The eco-friendly effort from CityCenter is spilling over here with LEDs replacing conventional bulbs all over, giving many things a bluer tint. You'll find them on these guys near the entrance, around the crown molding details near the lobby, and a few other places where I passed on photos. This carries on all the way through to the oft-ignored tower registration, so they're pretty serious about it.

I talked last time about MGM "adding cash registers" by putting shops, carts, bars, and other ways to deposit your income at spaces that previously existed for decoration or simply didn't have anything for sale. We have two of those here: a sunglasses store just past the registration desk by the inclinators, and a store selling, uh, bags.

All this additional retail space comes with a drawback: the original retail space is practically gutted. Aside from the Believe store, the old Galleria between the pyramid and the towers is a total ghost town. One-locked cages that used to be used to store souvenirs for passing by are sitting bare and open and even the discount cart that used to fill up about a third of the space is gone. As you can see in the last picture, the large lights there aren't working and even the themed doo-dads that sat on these pedestals are gone.


The path into Excalibur from the hallways connecting into Luxor is now a lot more crowded than it used to be. In addition to carts selling gizmos and the massage machines, the Guess Your Weight setup that used to live across the buffet was moved into this hall and that space is now, yep, expanded trinket retail.

They finally have put a wall around Sir Galahad's, though just the entrance. Also upstairs, the Marshall Rousso is gone. That was basically about as sophisticated and classy as Excalibur shopping ever got, and now it's another non-specific Vegas goodies store quite similar to ones you see downtown.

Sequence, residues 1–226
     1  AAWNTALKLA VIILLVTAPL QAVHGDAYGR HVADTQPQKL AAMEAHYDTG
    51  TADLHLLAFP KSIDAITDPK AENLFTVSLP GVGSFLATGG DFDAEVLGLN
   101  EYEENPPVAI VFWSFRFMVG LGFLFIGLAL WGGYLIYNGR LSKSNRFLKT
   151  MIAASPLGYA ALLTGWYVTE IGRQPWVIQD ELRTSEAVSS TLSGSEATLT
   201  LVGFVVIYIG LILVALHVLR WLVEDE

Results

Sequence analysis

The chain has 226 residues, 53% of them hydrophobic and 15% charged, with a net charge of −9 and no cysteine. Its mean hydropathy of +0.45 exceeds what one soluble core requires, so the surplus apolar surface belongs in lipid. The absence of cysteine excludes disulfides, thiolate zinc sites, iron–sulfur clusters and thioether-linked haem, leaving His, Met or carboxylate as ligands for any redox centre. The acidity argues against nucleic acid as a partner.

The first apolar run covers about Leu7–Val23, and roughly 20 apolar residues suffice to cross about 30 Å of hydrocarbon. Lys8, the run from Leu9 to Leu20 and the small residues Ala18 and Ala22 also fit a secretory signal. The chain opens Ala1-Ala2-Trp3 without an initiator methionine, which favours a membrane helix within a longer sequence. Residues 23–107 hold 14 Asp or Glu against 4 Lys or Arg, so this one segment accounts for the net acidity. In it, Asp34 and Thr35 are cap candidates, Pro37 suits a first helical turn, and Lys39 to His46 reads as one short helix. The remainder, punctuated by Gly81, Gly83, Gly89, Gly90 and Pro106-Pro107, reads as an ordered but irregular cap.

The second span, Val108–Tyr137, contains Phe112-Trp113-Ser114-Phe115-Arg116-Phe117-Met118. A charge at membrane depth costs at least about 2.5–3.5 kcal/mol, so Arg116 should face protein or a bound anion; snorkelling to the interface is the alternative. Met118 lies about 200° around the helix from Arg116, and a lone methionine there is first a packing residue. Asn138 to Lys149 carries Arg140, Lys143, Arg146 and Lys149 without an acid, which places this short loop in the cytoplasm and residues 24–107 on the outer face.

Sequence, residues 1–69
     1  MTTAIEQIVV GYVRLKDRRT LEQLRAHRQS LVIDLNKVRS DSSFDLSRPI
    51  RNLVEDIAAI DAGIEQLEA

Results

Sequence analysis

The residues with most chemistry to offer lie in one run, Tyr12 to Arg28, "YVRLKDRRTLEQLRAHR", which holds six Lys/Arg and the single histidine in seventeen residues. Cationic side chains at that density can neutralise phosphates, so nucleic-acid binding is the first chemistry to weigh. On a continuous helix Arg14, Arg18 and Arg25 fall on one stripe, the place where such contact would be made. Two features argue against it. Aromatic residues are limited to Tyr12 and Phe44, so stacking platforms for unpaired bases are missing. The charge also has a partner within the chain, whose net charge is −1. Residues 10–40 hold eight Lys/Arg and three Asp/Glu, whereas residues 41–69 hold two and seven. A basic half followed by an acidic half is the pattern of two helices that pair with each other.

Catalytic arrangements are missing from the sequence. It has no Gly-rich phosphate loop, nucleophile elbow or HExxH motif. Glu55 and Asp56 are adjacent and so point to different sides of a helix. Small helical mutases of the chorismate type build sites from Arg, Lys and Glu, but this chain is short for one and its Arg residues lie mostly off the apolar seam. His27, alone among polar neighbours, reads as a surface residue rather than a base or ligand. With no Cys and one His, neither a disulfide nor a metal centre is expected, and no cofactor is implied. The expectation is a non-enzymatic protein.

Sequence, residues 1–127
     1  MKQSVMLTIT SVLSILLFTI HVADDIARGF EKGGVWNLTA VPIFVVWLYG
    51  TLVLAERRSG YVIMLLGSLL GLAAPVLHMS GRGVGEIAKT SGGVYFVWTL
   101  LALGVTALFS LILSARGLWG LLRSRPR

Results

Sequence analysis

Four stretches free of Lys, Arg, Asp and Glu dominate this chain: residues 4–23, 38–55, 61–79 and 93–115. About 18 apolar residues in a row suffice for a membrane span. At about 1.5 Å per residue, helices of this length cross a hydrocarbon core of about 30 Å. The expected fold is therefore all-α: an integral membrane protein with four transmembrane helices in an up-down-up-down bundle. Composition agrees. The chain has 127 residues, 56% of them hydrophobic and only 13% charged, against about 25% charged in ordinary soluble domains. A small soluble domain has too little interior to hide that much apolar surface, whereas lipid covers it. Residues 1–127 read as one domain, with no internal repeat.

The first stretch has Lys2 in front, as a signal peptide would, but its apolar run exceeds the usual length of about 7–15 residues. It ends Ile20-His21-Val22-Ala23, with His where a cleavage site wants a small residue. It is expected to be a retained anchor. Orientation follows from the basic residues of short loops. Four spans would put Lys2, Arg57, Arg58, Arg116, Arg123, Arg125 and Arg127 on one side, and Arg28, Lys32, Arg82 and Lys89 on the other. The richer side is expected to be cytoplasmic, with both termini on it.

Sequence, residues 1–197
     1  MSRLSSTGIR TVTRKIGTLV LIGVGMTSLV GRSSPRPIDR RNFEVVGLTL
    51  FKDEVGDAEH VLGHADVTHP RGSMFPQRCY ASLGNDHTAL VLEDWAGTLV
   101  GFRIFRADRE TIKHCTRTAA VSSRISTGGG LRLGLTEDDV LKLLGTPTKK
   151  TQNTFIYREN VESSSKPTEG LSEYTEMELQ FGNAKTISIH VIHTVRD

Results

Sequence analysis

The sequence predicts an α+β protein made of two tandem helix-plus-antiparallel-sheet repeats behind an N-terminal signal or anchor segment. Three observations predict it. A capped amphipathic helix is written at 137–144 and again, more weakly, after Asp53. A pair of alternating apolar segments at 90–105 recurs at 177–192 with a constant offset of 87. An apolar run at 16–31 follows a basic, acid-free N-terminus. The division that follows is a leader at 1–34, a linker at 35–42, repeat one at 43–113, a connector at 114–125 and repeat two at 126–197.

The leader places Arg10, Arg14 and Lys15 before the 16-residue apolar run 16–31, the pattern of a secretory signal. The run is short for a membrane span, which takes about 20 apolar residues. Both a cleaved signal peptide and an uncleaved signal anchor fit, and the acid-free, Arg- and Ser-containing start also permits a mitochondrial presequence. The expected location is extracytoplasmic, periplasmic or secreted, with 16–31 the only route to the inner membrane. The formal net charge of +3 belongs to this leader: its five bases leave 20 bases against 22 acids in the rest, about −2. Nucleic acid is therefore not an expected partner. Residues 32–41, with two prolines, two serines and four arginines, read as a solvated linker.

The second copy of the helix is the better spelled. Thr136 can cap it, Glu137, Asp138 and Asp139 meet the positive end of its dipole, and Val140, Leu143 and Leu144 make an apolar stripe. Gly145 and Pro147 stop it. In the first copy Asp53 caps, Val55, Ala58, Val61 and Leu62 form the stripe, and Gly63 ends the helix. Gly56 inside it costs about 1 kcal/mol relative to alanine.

Outside, I was glad to see some new paint. The turrets and roofs of Excalibur's land bridge, especially down by the street intersection where almost nobody ever goes, had been getting extremely faded in recent years. So, it was about time to see freshly painted turrets (no more black zigzag pattern either) over there and on the NYNY bridge .


If it's after New Years, then they drained the water feature again. Please have it full by February? Please?

Monte Carlo

At the edge of the road, a timeshare building stands abandoned. See? Good things still happen.

Monte Carlo still had their Christmas stuff up when these pictures were taken. Tis the season to raid Bellagio's warehouse for holiday touches.

My camera refused to get a decent picture of d.Vino, no matter how hard I tried. So take this steady, zoomed in photo of Dragon Noodle's dining room instead.

The Street of Dreams mall is now up and kickin', though there's still a shop here and there that is walled up. Marshall Rousso moved here from Excalibur, I guess. It's still called the Street of Dreams, even if it's not particularly well themed anymore. Some people with sharp memories may recall that The Pub's Keg Room was once a cigar bar. There's also Harley-Davison, The Art of Music (also at Mirage), The Cupcakery, and Sugar Factory will be bringing their cheesy jeweled lollypop sticks from Mirage soon.